SACRAMENTO, Calif. (KTXL) — A $3.4 billion drought relief package cleared its first hurdle in the California Legislature Thursday as lawmakers try to swiftly send it to the governor for approval.
The effort unanimously passed a Senate Budget Committee on Natural Resources.
“For every day or week that we wait in getting money on the ground, it’s days and weeks that there’s evaporation happening on our soils. And some of these water districts, quite frankly, just need some resources to get things done,” said Sen. Brian Dahle, R-Bieber.
Half a billion dollars would be available immediately for emergency drought-related response for communities that need it across California.
Thursday’s latest drought monitor release showed 88% of the state is in a severe drought, with the entire state considered abnormally dry.
“We are not trying to kick down the road or waiting for everything to shake out in Washington,” said Sen. Howard Stern, D-Calabasas.
The proposed package would also put funds toward improving water supply in smaller communities, help ratepayers with COVID-19-related water debt, and provide help to struggling agriculture and water agencies. The package would be paid with state and federal funds.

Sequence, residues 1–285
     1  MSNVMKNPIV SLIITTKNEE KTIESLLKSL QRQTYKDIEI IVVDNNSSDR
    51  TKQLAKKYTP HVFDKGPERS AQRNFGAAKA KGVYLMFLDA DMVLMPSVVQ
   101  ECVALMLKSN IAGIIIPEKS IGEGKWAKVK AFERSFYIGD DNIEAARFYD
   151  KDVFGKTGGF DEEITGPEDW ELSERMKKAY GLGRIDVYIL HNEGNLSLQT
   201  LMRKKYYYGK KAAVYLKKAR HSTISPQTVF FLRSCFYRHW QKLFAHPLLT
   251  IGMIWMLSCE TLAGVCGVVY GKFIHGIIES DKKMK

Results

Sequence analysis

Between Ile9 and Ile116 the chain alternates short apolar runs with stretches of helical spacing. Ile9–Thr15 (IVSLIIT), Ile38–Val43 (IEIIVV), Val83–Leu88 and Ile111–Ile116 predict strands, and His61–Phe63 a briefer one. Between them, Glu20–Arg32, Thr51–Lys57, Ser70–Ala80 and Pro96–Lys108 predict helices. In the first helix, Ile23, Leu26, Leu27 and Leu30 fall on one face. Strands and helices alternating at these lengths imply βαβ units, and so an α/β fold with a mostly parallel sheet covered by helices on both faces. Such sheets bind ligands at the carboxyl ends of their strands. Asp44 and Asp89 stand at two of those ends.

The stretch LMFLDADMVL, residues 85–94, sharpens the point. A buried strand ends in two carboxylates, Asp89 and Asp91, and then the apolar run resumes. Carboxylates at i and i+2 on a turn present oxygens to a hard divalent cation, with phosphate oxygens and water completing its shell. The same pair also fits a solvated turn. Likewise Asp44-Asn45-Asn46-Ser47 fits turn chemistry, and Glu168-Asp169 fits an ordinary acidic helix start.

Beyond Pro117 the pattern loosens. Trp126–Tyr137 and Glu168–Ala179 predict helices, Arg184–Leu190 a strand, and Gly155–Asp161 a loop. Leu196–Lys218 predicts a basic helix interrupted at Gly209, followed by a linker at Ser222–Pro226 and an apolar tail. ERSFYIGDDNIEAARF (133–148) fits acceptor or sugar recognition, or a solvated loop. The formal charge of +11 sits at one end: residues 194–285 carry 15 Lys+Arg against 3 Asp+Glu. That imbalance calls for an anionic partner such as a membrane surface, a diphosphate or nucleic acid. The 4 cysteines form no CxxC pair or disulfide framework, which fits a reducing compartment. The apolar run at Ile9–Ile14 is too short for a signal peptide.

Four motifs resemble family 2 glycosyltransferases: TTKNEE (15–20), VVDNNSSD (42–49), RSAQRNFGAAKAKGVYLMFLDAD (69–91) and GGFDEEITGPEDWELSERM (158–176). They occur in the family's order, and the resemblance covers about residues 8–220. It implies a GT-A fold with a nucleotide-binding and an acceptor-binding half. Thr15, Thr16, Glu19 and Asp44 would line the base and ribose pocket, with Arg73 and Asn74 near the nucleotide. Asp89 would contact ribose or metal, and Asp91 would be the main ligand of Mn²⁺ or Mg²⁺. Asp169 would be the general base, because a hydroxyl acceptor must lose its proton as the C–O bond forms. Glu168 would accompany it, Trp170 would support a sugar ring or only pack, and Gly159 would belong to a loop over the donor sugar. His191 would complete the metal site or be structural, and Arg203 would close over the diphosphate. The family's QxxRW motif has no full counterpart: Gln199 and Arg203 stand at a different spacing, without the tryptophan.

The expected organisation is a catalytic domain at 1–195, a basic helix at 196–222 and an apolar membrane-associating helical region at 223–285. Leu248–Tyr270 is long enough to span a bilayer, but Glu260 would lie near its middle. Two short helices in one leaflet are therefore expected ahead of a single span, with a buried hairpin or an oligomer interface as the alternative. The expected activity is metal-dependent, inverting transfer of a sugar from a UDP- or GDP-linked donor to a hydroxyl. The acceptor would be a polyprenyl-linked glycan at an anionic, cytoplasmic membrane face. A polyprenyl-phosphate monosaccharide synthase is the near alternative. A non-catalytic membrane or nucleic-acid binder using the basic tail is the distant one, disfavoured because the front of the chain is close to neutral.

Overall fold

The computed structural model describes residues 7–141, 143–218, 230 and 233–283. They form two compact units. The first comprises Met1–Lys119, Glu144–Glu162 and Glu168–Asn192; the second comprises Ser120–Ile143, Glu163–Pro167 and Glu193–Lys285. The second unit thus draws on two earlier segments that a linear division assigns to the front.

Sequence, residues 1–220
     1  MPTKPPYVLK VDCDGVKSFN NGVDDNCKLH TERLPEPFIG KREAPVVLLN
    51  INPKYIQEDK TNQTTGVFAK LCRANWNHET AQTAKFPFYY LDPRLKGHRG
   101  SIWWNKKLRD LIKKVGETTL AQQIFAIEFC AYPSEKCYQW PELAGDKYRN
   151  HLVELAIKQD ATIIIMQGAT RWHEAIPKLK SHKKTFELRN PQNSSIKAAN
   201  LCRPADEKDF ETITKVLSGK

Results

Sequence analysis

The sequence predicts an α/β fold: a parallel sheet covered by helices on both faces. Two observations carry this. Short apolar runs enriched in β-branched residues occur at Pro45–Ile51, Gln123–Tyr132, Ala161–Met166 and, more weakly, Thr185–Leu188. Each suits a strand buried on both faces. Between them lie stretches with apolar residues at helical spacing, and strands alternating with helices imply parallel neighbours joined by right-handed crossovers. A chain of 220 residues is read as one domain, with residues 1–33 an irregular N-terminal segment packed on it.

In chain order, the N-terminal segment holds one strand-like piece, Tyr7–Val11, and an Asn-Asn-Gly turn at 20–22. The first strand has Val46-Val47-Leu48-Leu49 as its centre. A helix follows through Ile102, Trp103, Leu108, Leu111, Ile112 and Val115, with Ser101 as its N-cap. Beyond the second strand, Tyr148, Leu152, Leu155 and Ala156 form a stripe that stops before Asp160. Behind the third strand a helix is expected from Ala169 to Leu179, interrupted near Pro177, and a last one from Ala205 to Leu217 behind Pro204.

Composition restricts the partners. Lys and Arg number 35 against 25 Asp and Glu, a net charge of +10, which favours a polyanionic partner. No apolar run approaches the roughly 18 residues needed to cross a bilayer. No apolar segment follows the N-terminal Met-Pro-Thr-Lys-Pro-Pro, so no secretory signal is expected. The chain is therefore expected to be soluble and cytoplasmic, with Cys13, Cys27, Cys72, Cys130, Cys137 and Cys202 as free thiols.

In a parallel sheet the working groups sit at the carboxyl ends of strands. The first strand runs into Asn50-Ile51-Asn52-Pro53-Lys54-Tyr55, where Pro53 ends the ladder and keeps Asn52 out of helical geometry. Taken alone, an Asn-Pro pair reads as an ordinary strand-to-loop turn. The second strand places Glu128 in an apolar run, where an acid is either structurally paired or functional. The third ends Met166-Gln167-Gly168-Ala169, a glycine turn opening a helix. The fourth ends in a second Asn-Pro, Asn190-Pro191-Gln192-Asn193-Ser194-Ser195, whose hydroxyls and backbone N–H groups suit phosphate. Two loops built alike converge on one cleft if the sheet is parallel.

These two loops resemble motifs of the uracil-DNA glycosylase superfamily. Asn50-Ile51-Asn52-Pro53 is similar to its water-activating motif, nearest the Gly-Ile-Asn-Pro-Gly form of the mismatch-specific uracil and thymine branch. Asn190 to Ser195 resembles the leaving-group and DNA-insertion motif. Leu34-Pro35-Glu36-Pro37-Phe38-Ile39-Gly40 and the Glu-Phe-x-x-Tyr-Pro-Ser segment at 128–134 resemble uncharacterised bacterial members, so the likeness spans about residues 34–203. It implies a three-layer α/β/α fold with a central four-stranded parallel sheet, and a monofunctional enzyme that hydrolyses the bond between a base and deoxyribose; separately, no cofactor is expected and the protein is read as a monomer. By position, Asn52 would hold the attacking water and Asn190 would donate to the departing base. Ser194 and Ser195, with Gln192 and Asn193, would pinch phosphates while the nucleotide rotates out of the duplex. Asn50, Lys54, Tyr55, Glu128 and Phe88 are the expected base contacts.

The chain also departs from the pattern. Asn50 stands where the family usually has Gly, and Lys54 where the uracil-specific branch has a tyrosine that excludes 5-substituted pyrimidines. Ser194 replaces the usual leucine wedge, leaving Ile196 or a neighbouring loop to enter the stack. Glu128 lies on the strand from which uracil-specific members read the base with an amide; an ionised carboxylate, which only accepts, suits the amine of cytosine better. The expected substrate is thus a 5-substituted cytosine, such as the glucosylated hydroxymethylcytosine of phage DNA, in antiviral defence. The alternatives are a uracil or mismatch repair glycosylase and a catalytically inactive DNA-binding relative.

State natural resources and water officials noted California’s conditions are approaching the levels the state experienced in its last drought a few years ago.
Gov. Gavin Newsom has said regardless of current conditions, he does not yet feel the need to declare a drought a state of emergency.
Newsom’s administration Thursday told lawmakers many lessons were learned in the last drought that led to important projects and policies.
Lawmakers, however, say more still needs to be done.
“Every day we wait is a day that we’re losing the opportunity to get seeds in the ground and stabilize that soil, as well as take care of the environment,” Dahle said.
The package now heads to the Senate’s full Budget Committee for approval.